Editor's note: After failing a mammogram test earlier this spring, Barb Kromphardt entered the world of breast cancer treatment.Following a surgical biopsy, she was diagnosed with DCIS, an early-stage cancer, in her right breast. She is sharing her story with the readers.
It was time for the next phase of my treatment.
No more scalpels or stitches or anesthesia. Just six or seven weeks of daily visits to my local cancer center to blast any lurking cancer cells to kingdom come. Each treatment would only take about five to 10 minutes, so how tough was that? Stretch out for a few minutes and relax, right?
While each treatment would be brief, my first visit would take about an hour. I would be scanned and measured so the doctor could determine the best angles for the radiation, and then the machine would be programmed to deliver the proper treatment every time I came in.
To hold me steady, the technician introduced me to something called a breast board. The device is kind of like a gynecologist’s set of stirrups, except for the arms rather than the legs. I lay flat under the scanning machine and raised my arms above my head. Two sets of padded restraints were on either side of my head, one to control the placement of my upper arms, and the other my forearms. My hands were loosely clasped above my head.
“Now don’t move,” the technician told me.
The room went dim, and the scanning device began to move above me, rotating into one position after another. The technician would dart in occasionally to draw on my breast with a green marker.
Then it was time for my tattoos. Now I am not a particularly cool person, and the tattoo craze has passed me by. But lying on my back in a dim room, I received, not one or two, but five tattoos. There was one on either side, and three vertical ones in the center of my chest. The technician explained the tattoos would guide the radiation machine to treat me precisely the same way each visit.
“This one might hurt a little,” she said as she placed a bluish dot on my sternum.
Lying so still for so long eventually began to hurt. I’ve got a bit of a funny shoulder, and holding my arm in that position for that long was truly uncomfortable. Minding the admonition not to move, I twitched, flinched and wriggled my toes, and even let out the occasional moan.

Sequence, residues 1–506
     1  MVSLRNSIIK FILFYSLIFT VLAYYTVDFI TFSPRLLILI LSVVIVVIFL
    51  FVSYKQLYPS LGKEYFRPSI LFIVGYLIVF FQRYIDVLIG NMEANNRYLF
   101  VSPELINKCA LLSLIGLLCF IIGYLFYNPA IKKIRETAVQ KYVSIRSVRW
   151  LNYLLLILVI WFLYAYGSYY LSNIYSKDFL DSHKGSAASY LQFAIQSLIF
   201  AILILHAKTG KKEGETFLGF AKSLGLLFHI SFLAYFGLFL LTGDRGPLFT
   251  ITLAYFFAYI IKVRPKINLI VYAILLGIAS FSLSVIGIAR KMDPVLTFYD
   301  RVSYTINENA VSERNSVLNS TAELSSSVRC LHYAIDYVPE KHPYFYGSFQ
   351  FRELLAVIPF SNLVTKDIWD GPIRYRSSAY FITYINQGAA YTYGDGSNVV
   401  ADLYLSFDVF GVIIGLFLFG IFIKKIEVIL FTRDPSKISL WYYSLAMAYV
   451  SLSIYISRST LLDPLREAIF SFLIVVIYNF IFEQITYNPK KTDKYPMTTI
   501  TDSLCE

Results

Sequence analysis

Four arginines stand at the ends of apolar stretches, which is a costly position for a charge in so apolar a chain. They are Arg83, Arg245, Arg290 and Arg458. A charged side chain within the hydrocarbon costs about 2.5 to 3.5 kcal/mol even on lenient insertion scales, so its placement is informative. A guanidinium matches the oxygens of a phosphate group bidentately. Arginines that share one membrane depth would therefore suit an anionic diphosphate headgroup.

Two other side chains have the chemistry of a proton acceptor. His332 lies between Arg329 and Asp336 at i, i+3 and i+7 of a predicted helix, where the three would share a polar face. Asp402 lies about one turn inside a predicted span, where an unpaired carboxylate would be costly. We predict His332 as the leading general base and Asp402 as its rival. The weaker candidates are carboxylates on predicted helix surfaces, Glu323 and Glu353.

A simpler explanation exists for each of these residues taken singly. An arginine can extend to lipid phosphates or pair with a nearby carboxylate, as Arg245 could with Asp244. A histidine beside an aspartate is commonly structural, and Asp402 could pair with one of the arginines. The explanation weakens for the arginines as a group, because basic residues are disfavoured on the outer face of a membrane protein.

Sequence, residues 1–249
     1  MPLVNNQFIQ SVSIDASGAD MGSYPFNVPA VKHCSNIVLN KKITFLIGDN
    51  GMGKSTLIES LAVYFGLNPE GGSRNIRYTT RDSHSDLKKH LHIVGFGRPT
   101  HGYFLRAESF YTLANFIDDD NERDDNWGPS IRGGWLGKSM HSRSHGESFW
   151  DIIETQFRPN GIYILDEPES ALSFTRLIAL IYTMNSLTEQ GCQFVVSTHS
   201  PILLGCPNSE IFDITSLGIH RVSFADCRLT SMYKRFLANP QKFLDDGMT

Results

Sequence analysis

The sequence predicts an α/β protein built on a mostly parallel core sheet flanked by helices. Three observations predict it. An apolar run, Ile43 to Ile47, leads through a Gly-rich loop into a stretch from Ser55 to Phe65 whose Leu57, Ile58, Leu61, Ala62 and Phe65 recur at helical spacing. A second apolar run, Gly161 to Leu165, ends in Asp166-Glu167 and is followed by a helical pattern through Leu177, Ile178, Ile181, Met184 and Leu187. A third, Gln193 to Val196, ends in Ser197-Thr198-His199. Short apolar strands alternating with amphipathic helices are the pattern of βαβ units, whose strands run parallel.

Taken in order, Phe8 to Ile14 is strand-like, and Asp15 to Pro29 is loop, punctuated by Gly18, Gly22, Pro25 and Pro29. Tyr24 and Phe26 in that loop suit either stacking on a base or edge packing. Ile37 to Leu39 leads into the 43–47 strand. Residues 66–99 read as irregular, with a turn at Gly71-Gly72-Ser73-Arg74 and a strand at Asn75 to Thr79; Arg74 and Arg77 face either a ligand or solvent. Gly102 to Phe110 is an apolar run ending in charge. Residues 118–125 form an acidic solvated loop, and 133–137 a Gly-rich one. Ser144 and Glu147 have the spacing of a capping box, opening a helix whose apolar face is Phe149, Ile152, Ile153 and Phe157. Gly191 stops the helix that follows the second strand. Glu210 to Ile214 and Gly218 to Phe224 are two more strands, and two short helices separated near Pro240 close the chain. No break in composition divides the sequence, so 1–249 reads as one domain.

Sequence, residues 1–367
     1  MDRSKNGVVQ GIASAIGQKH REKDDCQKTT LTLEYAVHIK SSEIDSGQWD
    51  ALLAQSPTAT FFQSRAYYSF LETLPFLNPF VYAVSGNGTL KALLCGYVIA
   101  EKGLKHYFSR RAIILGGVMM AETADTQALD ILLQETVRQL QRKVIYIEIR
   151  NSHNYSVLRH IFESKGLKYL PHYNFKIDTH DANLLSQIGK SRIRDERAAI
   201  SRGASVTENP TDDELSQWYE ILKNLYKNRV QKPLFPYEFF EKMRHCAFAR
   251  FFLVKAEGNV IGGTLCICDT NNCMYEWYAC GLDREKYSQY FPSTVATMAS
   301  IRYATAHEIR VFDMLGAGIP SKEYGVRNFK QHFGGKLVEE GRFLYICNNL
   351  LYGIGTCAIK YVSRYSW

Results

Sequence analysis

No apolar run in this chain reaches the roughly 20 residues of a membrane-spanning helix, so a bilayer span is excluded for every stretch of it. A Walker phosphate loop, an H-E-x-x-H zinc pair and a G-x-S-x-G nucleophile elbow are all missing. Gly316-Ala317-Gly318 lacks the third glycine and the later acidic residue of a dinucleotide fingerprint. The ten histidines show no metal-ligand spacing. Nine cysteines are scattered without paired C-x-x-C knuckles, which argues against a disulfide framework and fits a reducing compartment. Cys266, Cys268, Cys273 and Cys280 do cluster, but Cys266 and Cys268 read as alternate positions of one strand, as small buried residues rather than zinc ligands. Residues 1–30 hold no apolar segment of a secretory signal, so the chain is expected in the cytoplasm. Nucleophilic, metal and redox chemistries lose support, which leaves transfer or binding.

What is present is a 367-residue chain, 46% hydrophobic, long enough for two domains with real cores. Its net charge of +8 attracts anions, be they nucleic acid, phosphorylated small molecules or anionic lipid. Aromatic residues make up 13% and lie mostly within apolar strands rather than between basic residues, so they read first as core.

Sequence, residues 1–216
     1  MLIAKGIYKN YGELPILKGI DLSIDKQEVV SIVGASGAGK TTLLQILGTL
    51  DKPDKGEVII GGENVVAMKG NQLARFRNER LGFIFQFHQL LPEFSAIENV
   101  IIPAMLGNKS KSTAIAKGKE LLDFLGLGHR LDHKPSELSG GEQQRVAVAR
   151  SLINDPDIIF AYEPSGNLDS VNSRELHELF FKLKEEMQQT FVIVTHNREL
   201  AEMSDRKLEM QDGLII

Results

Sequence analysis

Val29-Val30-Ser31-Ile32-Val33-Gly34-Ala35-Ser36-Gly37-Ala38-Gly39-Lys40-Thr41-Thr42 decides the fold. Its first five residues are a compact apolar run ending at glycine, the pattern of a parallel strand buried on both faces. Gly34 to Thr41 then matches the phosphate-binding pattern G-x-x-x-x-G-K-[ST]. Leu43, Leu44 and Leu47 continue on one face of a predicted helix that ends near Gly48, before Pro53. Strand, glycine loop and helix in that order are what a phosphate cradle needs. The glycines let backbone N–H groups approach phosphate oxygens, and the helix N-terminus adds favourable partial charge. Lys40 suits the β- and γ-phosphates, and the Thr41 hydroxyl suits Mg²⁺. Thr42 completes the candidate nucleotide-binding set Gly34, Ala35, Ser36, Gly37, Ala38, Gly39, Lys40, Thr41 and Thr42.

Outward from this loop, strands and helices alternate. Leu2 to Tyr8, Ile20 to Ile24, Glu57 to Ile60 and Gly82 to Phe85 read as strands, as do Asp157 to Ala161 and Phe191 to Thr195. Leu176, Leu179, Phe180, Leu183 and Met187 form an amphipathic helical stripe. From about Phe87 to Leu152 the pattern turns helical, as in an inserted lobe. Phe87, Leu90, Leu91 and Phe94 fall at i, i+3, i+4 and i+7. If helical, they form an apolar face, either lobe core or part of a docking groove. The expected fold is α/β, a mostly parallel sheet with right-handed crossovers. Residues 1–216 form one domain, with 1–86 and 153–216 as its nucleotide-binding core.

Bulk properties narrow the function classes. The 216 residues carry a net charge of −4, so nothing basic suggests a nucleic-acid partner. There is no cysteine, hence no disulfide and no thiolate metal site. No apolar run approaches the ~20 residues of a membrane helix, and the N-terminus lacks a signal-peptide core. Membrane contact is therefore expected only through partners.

But the prep work was finally done, and the plan for my treatment was set.
The first day of treatment was intimidating. The technician took me back to the treatment room where the giant machine loomed over my head. Undressing from the waist up, I clutched a little white towel to my chest while they led me to the machine. Oh joy, another breast board!
I lay down and let the technicians arrange my arms over my head. They had me wriggle around, first a little to the left, then a bit to the right while they lined up my tattoos with laser lights glowing from the walls.
Then it was time. The technicians left for the control room, and I lay there alone with my poor, scarred breast pointing skyward, almost numb with apprehension over what was to come.
But as the radiation machine began to rotate over my head, a smile slowly broke out on my face. There, on the ceiling, was a huge picture of a winding path leading through a cherry orchard in full bloom!
During the 35 days of my treatment — which generally lasted less than 10 minutes each day — I came to know that cherry orchard pretty well. I couldn’t always see it as the machine revolved around my body, but it was always there for me sooner or later.
The main side effect from the radiation treatments was a skin irritation. Some women get a little sunburn, but my skin actually turned a little bit raw.
The treatment? A jar of “bag balm,” a cream dairy farmers use on their cattle’s udders when they get a little sore. It was really kind of ironic. While nursing my first child I developed a case of mastitis.
“Just like the cows get on the farm,”said my ever-helpful father.
I think he would have gotten a laugh out of the bag balm.
Barb Kromphardt, currently of Columbus, Ind., was a reporter for the Bureau County Republican and interim managing editor of the Tonica News and the Putnam County Record. She can be reached at firstname.lastname@example.org.